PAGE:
My son is a boy of wonder: of elementary age and full of energy- never ending energy, he is smart, funny, loving, too curious for his own good, a selective listener with an amazing memory, a cranky non-morning person that proceeds with caution in every situation. My boy has struggled with various learning disabilities but has always been willing to try a little harder.  After years of therapy without medication, testing to no end, teaching accommodations, reports and suggestions I have opted to try the medicine route.  Reaching this conclusion was difficult and took some time as I awaited an approval from the Lord.  Awaiting a “sign” from God can try your patience and frustrate you beyond belief when you are watching your child suffer educationally and socially.  I do not agree with medicating children to calm them down but I do believe in medicating them to help them better focus.  Getting a glimpse (byway of science and technology) into how my son’s brain works was enough to spin my thoughts out of control.  If my brain functioned the same way his does I would be exhausted on a minute by minute basis!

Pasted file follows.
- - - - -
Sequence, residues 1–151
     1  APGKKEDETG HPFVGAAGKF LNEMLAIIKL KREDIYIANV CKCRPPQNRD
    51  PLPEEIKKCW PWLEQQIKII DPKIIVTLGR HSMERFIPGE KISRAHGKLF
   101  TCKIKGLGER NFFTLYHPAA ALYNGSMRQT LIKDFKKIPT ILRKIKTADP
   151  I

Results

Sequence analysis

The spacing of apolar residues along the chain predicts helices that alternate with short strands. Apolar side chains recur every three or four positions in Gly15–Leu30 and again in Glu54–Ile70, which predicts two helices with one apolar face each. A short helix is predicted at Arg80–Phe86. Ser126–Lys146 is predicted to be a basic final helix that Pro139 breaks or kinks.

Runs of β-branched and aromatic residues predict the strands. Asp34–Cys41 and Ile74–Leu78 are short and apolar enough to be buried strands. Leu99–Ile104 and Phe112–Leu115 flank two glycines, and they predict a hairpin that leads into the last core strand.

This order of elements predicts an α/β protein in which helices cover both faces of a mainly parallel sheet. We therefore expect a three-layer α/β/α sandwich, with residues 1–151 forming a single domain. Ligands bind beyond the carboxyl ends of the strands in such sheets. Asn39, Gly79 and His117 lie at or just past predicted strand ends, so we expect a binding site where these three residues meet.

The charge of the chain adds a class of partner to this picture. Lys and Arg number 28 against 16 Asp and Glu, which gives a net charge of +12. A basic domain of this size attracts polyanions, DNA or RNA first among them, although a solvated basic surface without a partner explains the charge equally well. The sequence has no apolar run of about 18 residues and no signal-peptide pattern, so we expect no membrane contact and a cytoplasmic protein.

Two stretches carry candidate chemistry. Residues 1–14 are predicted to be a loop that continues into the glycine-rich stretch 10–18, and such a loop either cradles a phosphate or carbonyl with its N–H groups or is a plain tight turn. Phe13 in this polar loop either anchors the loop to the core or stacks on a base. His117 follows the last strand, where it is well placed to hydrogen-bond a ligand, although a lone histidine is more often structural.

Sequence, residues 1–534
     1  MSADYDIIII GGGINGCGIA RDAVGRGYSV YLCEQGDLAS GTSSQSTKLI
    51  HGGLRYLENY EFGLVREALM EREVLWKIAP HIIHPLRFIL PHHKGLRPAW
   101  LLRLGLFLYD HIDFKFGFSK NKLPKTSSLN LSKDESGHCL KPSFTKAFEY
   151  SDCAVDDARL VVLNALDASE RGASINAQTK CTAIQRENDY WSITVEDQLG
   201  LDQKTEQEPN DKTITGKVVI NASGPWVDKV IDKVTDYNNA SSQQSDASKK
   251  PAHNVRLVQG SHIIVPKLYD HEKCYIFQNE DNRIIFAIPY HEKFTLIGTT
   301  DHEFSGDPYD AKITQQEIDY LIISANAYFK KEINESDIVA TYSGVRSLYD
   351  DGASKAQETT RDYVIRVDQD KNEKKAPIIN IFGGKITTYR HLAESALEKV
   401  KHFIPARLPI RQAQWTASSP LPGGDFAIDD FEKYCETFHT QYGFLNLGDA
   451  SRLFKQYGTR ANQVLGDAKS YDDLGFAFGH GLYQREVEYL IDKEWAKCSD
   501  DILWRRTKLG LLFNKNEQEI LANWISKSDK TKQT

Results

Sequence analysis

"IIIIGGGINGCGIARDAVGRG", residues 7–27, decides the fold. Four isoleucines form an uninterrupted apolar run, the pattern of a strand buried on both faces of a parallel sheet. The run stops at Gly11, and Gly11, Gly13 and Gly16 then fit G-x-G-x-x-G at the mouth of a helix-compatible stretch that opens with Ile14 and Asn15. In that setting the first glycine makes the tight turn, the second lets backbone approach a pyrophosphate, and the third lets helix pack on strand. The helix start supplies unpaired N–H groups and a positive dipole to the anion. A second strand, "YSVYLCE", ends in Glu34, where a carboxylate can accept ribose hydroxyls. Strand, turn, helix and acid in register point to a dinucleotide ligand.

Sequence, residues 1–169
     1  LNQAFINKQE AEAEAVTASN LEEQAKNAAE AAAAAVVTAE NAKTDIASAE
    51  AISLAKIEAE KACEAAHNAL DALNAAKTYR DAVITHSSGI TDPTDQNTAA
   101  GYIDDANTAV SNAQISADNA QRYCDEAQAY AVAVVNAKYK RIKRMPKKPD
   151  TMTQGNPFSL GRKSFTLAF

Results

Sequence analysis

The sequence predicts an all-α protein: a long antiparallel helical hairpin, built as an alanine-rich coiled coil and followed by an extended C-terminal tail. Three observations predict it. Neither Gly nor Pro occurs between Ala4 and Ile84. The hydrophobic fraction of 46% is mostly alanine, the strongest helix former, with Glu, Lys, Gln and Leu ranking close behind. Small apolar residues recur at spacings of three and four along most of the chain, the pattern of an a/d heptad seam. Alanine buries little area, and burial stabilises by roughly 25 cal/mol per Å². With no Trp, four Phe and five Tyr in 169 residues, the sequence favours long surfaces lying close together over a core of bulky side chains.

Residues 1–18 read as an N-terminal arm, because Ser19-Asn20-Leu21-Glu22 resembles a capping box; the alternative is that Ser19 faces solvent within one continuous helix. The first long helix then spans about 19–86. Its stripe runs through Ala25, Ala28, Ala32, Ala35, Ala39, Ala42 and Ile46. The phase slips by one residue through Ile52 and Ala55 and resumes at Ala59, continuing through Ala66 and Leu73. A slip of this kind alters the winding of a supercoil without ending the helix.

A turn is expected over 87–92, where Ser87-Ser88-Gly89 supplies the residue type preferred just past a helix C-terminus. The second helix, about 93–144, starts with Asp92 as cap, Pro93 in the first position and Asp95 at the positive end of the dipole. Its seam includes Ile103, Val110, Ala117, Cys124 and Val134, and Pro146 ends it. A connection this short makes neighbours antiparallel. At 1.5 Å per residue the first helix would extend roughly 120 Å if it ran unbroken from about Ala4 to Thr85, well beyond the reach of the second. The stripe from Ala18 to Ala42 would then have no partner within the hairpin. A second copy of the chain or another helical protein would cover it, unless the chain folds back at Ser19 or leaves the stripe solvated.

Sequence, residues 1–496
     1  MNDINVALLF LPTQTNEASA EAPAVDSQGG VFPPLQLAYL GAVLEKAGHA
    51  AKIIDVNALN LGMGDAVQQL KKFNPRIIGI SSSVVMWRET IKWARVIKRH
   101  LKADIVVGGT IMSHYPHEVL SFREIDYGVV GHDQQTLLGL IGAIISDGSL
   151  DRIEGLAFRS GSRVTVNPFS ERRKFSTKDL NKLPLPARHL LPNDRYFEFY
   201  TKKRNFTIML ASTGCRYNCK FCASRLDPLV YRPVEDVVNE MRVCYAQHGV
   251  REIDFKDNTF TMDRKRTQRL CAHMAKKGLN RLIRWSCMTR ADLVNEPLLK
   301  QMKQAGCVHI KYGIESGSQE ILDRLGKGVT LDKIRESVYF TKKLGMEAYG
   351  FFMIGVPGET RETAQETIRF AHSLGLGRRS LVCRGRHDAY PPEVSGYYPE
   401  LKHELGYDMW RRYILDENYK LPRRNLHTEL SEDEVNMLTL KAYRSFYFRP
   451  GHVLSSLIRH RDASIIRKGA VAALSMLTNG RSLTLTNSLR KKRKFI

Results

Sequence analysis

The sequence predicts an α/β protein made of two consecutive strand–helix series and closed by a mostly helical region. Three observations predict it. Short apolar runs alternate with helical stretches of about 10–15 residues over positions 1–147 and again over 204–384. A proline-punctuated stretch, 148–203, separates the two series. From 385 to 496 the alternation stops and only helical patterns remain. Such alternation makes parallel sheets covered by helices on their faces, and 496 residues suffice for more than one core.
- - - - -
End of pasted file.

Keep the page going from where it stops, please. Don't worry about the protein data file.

As a mother, I want to make sure my children have the best opportunities so choosing to medicate with extreme supervision was no easy option.  The first night of dosing was a long one…I spent most of the night running back and forth between their beds to check their breathing all while praying frantically to God for peace, patience and trust.  I reviewed CPR steps in my mind while keeping my cell phone at my hip- just in case anything went wrong.  So, are pills better than prayer or vise versa?  My thought is that if you keep prayer as the base to any decision then you can’t go wrong.  God will never lead us into something destructive- only we can do that.  If you are a parent, have you struggled with complete faith in any area concerning your children?